NASHVILLE, Tenn. -- Porter Wagoner wants his fans to know he loves Dolly Parton.
The Grand Ole Opry star sued Miss Parton, his former duet partner, in the mid-1970s for nearly all the gold in California, claiming she had not lived up to their recording contract. The lawsuit eventually was settled and Wagoner got to record an album with Miss Parton at the peak of her career.
'The true story of that thing never did develop. When you get involved in litigation with attorneys, man, they drag you down in the mud,' Wagoner said, pausing to puff a cigarette in his Nashville office. 'They make you look like bitter enemies. I have nothing against Dolly. I love the woman.
'I think she was terrific for me. I recorded a lot of No. 1 duets with her. I helped her build her career and took a lot of pride in it. I gave seven years of my energy and all my power in the business was directed toward her.
'I love the woman. I'm not bitter that she left me. That's what she and I worked for. She's a beautiful lady. We had a difference in a litigation of contract.'
But Wagoner at that time virtually quit the recording business for 2 years.
'I'd like for you to tell my fans the true reason I took off. It's not because I was in mourning over the Porter-Dolly split,' he said. 'A lot of people took it that way. They thought I was going to kill myself. That's so far from the truth it's unbelievable.
'I had spent 23 years of my life on the road. I needed a rest. I was all burned out. I went to the lake, spent time in the recording studio and stayed out of the limelight.'
After the hiatus, Wagoner reformed his Wagon Masters Band, recorded an album in Los Angeles called 'Viva, Porter Wagoner,' and dusted off his rhinestone-spangled 'Nudie' suits at a time when many in country music had traded cowboy hats for designer jeans and silk shirts.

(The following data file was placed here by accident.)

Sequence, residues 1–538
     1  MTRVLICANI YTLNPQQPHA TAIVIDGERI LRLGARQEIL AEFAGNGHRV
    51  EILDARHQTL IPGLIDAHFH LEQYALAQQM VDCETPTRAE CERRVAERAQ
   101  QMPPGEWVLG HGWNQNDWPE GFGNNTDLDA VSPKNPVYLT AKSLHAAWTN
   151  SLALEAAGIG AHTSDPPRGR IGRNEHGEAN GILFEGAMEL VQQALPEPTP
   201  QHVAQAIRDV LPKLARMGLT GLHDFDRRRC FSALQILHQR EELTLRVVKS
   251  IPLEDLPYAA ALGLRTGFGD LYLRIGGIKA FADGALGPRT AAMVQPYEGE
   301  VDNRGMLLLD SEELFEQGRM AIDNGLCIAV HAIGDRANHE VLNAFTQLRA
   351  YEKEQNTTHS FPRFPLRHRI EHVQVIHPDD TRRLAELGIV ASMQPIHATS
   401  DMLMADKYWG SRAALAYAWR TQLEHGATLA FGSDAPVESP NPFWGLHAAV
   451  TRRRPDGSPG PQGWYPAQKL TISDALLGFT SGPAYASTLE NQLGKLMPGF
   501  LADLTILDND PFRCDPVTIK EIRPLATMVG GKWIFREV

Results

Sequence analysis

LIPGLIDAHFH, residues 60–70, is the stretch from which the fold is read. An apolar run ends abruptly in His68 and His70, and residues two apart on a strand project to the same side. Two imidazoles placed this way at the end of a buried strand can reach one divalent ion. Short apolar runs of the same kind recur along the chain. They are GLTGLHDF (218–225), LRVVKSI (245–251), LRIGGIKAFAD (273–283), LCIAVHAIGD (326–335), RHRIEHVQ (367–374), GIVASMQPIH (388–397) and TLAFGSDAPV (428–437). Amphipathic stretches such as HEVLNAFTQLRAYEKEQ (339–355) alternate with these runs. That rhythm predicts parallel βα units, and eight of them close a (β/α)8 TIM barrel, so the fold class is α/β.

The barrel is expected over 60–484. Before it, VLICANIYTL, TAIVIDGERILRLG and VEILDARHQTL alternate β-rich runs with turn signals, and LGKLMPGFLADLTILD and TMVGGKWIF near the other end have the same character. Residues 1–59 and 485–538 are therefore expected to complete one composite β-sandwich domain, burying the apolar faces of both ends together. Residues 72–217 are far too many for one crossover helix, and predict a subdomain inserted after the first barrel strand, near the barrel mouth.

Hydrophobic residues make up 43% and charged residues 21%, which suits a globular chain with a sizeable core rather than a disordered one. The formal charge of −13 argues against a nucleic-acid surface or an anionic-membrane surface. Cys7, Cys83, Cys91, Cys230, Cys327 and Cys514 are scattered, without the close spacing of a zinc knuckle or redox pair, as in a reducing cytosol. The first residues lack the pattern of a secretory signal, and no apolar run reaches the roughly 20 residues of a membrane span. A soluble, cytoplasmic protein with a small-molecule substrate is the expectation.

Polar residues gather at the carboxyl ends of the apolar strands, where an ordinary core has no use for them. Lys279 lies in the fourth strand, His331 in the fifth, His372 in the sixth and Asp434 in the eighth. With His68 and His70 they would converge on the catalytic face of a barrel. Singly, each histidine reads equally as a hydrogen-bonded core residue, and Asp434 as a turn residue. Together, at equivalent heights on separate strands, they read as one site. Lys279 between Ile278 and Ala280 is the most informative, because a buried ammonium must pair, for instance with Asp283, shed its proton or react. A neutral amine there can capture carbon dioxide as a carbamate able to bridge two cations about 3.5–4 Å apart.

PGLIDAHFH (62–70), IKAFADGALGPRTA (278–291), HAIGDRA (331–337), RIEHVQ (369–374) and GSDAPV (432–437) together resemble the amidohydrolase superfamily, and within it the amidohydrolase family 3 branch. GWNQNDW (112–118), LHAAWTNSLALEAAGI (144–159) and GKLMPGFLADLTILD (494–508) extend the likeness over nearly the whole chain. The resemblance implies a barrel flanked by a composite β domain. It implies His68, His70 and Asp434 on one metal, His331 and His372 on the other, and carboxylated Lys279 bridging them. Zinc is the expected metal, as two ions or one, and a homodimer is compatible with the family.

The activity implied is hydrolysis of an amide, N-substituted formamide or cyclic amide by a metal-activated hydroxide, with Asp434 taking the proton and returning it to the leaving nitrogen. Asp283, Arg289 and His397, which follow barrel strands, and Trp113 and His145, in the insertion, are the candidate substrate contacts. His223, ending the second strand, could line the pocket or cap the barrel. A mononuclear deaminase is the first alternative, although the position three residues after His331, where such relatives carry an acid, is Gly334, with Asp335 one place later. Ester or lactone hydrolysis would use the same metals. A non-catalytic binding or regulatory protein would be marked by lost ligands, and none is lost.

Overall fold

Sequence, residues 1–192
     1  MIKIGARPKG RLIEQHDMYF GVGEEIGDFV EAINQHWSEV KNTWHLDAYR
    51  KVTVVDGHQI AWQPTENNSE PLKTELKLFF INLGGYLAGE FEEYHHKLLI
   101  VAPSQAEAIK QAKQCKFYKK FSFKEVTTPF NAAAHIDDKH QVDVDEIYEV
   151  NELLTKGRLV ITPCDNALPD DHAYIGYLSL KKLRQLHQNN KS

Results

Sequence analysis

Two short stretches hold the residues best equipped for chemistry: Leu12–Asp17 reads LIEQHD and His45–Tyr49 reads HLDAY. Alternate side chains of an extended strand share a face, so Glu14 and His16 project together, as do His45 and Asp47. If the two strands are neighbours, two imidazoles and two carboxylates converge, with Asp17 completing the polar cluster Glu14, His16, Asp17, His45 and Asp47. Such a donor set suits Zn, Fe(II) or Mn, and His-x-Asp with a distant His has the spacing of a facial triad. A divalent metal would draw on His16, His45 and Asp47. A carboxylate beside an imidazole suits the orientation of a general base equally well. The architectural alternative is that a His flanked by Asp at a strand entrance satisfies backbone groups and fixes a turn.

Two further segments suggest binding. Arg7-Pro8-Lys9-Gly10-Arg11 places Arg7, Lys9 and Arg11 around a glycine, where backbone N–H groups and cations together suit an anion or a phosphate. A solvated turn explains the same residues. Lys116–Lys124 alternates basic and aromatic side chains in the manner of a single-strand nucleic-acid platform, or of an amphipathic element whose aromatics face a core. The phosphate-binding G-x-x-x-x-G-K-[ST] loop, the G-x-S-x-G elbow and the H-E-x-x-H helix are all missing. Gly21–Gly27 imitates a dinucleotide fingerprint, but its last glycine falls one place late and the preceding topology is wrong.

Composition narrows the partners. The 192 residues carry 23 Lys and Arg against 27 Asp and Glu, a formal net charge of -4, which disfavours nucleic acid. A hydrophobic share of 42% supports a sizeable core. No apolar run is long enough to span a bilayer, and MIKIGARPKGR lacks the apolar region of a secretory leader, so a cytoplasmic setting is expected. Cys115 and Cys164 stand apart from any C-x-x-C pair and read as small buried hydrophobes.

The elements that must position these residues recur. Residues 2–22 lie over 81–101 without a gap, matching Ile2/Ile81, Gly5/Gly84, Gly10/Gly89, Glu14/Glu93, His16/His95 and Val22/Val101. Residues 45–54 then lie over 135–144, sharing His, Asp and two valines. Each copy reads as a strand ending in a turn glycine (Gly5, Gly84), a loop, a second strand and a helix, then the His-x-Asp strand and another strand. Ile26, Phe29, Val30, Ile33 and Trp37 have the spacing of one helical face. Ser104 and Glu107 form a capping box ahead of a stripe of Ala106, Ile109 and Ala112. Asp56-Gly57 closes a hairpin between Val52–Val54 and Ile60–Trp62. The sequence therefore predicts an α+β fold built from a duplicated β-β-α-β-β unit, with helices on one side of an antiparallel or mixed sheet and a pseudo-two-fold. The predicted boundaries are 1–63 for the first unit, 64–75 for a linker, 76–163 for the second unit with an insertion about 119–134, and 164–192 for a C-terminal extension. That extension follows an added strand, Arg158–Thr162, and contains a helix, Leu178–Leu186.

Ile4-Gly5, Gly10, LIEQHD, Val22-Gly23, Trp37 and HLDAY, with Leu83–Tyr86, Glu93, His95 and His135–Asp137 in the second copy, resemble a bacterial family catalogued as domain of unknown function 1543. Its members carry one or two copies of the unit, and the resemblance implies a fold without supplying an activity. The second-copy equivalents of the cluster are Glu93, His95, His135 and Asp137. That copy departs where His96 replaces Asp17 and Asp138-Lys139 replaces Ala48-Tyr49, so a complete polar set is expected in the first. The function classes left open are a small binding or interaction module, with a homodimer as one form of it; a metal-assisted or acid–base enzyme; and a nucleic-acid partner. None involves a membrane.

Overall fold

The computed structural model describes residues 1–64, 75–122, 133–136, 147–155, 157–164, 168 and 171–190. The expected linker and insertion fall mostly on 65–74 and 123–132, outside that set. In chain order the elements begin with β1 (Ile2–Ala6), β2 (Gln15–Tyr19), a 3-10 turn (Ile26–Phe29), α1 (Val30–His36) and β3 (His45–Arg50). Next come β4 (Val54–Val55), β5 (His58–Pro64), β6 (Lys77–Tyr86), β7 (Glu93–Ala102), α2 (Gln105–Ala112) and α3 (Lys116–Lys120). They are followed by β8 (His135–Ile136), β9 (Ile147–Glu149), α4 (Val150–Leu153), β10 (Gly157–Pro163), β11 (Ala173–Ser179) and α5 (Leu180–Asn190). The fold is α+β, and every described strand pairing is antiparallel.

For years, Wagoner's trademarks were his blond pompadour and flashy, heavily embroidered suits. Although he's traded the pomp for a curly 'do,' he still struts on stage wearing an elaborate 40-pound, $5,000 rhinestone-loaded creation from the hand of Nudie of Hollywood.
'If they make something prettier, I'll go with that,' he said. 'Oh, yeah, I can take 'em off on my taxes. But I think they're beautiful on stage. I'm not knocking the people who wear blue jeans on stage. For me, that wouldn't be showmanship. That's my craft.'
One of the first things he did was bring the 'godfather of soul,' James Brown, to the Grand Ole Opry.
'It ruffled a lot of feathers in Nashville,' he said. 'You know what? It didn't surprise me at all. I thought it was a great thing for the Grand Ole Opry. It was a great thing for country music.
'James Brown is the king of soul. Roy Acuff is the king of country music. I'd hate to think that Roy Acuff could not appear anywhere because he's that great a man. I'd hate to feel James Brown could not appear anywhere because he's also that great a man.'
Wagoner, who turns 50 on Aug. 13, said he could retire now and live comfortably, but he'd rather entertain.
'I didn't start in the music business to make money. I want to contribute to the music business and put something back into it so I'll be known as the man that was great for country music and a great entertainer. During the next few years I'm going to devote all my energies to Porter Wagoner.
'It's not that I'm getting selfish now that I'm getting close to the big 5-0. I just want to do some things for my career.'